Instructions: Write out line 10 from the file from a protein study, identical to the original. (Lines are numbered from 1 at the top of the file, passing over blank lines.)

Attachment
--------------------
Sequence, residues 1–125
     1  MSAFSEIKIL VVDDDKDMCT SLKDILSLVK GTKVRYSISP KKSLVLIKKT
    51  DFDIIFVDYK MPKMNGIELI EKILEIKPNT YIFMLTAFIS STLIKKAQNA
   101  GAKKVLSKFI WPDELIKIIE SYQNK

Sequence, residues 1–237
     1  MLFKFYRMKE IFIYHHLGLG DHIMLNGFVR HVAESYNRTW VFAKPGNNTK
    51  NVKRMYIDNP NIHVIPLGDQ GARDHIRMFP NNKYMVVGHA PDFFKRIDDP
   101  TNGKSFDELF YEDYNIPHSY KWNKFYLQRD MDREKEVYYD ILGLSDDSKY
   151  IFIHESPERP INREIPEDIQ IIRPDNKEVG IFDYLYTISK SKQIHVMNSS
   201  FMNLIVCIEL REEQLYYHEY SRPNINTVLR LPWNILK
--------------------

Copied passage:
   201  FMNLIVCIEL REEQLYYHEY SRPNINTVLR LPWNILK